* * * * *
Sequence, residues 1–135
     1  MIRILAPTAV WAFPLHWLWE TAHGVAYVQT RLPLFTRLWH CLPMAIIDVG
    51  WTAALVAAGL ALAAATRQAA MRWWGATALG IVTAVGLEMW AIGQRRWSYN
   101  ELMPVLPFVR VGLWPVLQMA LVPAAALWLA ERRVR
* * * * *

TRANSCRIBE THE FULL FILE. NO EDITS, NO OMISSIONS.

Sequence, residues 1–135
     1  MIRILAPTAV WAFPLHWLWE TAHGVAYVQT RLPLFTRLWH CLPMAIIDVG
    51  WTAALVAAGL ALAAATRQAA MRWWGATALG IVTAVGLEMW AIGQRRWSYN
   101  ELMPVLPFVR VGLWPVLQMA LVPAAALWLA ERRVR